Nike's political statement is smart marketing, some say; enjoys 31% bump in online sales

A Nike billboard featuring American football quarterback Colin Kaepernick, seen in New York City on Sept 8, 2018.
A Nike billboard featuring American football quarterback Colin Kaepernick, seen in New York City on Sept 8, 2018.PHOTO: AFP

WASHINGTON - Nike is weathering a backlash over its use of the controversial athlete Colin Kaepernick as the face of its new campaign.

"Nike is getting absolutely killed with anger and boycotts," President Donald Trump tweeted last week, as his supporters called for a boycott of the brand. Some burned Nike shoes in protest.

But reports say otherwise.

Nike's online sales jumped by over 30 per cent in the days after the ad was unveiled. After a US$4.2 billion (S$5.8 billion) fall in the days after the campaign was released, the company's share price has recovered.

Support for Nike has poured in, from top athletes like Serena Williams, and even from rapper Kanye West, who has praised the President in the past.

And when two other players, Kenny Stills and Albert Wilson, kneeled during the national anthem at a football game last Sunday (Sept 9), Mr Kaepernick tweeted his support, saying: "They have not backed down, even when attacked and intimidated. Their courage will move the world forward!"

Mr Trump has long hounded Mr Kaepernick for his kneeling protest at the beginning of National Football League (NFL) games, starting in August 2016 when the then quarterback of the San Francisco 49ers said he wanted to protest police brutality against African Americans.

"I am not going to stand up to show pride in a flag for a country that oppresses Black people and people of colour," Mr Kaepernick explained. "To me, this is bigger than football and it would be selfish on my part to look the other way. There are bodies in the street and people getting paid leave and getting away with murder."


The protest became a trend. But in an intensely polarised political environment, in which patriotism has been co-opted and weaponised by the President and his supporters, the message was distorted.

Mr Kaepernick was being unpatriotic, the narrative went - and so was the NFL for allowing him to kneel.

Respecting the flag has been turned into one of the President's top talking points.

The Constitution does state that Americans should stand and face the flag when the national anthem is played. But there are no penalties if one does not.

The NFL eventually caved in and Mr Kaepernick can no longer get hired by a team. He now is suing the NFL over that.

Apart from giving both sides of the political divide in America another excuse to laugh at each other - one young man reportedly burned down his house by accident when he set fire to his Nike shoes - the controversy shows how America's sharp political polarisation is compelling corporations to take sides.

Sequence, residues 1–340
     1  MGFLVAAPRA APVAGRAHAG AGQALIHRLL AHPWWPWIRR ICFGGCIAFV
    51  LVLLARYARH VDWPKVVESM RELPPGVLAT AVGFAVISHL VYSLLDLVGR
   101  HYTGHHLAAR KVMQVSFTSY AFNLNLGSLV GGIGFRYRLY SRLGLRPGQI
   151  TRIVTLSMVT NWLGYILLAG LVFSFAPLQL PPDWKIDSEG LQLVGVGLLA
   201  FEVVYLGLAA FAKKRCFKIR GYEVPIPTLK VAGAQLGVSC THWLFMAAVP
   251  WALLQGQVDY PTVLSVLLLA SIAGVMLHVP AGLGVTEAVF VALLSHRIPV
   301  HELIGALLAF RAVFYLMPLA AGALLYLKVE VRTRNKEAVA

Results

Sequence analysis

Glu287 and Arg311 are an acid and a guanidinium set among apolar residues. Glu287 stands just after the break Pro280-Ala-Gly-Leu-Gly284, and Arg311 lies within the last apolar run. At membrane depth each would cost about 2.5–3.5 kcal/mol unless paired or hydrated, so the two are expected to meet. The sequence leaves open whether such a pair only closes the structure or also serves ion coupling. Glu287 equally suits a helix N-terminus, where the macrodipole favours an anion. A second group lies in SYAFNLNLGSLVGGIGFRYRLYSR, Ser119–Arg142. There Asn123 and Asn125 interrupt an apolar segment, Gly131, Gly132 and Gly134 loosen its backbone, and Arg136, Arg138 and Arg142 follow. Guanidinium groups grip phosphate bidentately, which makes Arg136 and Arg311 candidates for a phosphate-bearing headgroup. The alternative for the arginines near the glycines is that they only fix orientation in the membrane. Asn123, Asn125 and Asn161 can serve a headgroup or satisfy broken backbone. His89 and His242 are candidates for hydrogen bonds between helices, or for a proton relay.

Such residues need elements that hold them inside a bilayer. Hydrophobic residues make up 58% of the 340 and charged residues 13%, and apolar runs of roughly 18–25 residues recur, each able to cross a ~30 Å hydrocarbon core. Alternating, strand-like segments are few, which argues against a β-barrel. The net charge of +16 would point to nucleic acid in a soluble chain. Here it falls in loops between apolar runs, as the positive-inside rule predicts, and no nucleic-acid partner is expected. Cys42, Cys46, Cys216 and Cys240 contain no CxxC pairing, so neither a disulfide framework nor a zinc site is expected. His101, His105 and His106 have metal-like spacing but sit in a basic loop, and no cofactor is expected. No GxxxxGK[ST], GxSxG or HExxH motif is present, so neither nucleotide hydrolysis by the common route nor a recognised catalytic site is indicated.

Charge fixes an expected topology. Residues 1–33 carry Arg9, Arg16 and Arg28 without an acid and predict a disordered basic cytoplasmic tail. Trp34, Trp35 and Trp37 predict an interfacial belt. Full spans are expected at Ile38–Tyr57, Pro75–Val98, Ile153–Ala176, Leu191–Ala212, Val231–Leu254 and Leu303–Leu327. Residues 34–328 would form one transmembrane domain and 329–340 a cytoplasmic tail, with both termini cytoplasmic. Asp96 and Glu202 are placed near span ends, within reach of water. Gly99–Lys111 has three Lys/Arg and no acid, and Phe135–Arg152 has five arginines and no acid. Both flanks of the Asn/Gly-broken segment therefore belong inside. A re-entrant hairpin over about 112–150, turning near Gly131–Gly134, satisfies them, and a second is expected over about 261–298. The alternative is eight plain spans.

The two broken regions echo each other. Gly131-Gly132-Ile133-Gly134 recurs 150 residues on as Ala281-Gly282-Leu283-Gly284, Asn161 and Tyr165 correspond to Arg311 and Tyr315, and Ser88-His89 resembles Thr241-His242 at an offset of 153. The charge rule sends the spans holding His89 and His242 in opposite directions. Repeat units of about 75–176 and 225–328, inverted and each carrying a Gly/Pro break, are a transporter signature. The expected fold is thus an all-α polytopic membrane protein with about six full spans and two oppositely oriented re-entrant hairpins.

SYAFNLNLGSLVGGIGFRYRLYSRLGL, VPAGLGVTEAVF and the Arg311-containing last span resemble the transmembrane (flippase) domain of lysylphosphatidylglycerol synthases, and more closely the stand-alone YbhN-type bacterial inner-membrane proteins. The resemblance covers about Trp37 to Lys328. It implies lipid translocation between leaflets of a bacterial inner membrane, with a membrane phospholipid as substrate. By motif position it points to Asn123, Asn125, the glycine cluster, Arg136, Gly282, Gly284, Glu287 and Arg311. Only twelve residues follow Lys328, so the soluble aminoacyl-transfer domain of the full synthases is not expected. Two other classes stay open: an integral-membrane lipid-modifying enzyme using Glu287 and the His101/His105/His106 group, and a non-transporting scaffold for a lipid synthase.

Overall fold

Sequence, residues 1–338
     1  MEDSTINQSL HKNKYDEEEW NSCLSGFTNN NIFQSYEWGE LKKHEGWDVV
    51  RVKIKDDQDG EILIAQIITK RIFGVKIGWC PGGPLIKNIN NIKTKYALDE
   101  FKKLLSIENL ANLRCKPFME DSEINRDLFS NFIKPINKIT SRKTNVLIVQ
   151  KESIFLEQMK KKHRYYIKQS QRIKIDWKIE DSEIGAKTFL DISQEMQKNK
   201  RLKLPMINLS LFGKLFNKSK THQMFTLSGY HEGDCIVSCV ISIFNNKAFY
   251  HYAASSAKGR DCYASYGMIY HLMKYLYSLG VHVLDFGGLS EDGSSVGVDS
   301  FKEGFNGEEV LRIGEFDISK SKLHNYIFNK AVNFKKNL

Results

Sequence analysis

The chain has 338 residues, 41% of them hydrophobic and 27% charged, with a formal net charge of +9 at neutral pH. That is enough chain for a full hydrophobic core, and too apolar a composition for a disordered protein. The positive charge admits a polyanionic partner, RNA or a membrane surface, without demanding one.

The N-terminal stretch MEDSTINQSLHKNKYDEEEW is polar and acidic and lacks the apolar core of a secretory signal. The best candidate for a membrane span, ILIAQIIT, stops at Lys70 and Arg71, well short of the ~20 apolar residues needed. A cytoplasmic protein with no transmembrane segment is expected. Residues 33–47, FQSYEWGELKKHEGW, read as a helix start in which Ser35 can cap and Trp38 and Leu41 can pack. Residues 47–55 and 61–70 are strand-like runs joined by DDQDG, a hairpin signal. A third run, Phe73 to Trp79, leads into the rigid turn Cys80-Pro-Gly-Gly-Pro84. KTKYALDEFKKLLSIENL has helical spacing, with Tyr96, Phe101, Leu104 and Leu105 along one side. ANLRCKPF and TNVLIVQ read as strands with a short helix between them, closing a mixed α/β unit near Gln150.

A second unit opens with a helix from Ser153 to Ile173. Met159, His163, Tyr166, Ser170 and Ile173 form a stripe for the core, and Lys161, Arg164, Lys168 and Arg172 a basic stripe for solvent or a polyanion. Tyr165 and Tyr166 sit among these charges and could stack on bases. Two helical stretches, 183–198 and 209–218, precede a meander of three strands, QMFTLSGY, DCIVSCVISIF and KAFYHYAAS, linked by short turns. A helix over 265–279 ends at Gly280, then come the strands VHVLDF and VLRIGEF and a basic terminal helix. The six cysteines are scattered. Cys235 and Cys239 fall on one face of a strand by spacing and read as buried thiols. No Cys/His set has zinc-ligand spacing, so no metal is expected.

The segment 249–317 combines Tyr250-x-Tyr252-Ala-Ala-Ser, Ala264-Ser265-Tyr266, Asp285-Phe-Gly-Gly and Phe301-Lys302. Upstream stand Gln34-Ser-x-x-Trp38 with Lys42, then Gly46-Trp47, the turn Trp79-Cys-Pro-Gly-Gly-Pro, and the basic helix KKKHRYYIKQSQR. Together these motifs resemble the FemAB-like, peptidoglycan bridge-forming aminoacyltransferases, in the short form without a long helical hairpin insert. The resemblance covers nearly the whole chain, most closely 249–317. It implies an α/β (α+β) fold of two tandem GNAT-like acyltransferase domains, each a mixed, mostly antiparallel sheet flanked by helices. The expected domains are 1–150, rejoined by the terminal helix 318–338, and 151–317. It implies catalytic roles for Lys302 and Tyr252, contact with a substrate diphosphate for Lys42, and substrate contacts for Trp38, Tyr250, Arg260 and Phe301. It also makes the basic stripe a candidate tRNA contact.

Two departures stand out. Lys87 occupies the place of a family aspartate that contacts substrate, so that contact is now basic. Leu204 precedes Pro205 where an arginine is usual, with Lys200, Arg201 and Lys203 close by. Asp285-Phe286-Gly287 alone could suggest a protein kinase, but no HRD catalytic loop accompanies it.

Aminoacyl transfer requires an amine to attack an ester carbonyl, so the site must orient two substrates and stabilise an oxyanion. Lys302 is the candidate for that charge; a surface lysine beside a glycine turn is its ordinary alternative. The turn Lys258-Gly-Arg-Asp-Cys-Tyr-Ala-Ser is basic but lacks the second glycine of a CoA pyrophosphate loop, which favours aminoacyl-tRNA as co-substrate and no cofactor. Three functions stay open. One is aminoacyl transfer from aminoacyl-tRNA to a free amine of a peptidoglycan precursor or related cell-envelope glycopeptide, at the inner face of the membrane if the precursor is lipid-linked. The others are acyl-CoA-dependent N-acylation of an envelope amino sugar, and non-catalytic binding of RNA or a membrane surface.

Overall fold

Nike has joined a list of corporations that have annoyed President Trump's for various reasons. Others include Harley Davidson, Amazon and Google.

In February, the Dick's Sporting Goods chain announced that its sister company, Field & Stream, would discontinue the sale of semi-automatic AR-15 rifles used in many mass shootings and raise the minimum age to purchase a firearm to 21. Trump supporters called it a stunt and many began boycotting the chain.

On the other side, Maine-based clothing company LL Bean, for instance, has been a staunch supporter of the President.

"US corporations increasingly feel like they can't just keep their mouths shut, they have to pick some side. Maybe also given the personal views of a lot of CEOs in recent years they have thrown in their lot with liberal social causes," a political risk analyst told The Straits Times, asking not to be named citing his employer's rules on talking to the media.

The Nike ad itself is not political; it is about believing in one's dreams and surpassing one's handicaps. It was the choice of Mr Kaepernick that turned it into a political statement.

"What was Nike thinking?" President Trump tweeted on Sept 7.

The company was thinking smart, according to the analyst who spoke to The Straits Times. "From a demographic perspective, it was a good move," he said. "They can take a calculated risk. It's a way to reclaim some of their edge."

Dave Zirin, sports editor of The Nation and author of eight books on the politics of sport, said: "Nike calculates that it doesn't need older football fans who think Kaepernick is un-American.

"It knows it can profit on its stars' role in the zeitgeist, their edginess.

"Nike is appealing to a restive, even radical youth market far more likely to see athletes like LeBron James, Serena Williams and Kaepernick as heroes than villains."